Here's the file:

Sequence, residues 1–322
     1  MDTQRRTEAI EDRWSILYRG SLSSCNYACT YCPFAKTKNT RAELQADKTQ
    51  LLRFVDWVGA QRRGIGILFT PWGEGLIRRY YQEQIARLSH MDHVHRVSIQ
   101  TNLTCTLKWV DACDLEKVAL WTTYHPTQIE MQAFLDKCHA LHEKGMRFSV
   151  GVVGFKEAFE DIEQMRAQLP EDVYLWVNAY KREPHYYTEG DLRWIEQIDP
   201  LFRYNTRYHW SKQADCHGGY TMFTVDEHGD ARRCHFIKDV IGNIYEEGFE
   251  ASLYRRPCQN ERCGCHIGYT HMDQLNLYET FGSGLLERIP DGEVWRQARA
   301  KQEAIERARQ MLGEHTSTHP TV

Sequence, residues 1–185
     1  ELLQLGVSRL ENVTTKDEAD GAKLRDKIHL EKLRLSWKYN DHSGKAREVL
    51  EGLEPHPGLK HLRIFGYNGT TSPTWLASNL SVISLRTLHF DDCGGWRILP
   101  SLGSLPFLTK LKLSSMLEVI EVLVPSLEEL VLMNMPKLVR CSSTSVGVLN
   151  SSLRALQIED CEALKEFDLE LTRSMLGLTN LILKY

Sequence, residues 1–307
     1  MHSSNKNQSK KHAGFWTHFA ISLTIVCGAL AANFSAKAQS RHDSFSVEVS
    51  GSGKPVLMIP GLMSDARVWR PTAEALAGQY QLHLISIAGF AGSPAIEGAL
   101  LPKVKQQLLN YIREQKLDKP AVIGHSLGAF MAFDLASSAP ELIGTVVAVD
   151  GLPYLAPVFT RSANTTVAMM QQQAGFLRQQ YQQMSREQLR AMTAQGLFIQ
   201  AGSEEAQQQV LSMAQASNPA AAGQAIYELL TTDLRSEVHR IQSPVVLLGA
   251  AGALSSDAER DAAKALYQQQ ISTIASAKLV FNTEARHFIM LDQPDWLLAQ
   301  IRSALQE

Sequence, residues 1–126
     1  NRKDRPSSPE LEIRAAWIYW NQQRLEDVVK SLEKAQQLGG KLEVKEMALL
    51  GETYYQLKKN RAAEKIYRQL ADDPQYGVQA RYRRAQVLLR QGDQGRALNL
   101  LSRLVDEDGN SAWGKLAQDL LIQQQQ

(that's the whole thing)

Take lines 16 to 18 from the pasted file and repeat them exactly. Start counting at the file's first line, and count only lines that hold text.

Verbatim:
    51  GSGKPVLMIP GLMSDARVWR PTAEALAGQY QLHLISIAGF AGSPAIEGAL
   101  LPKVKQQLLN YIREQKLDKP AVIGHSLGAF MAFDLASSAP ELIGTVVAVD
   151  GLPYLAPVFT RSANTTVAMM QQQAGFLRQQ YQQMSREQLR AMTAQGLFIQ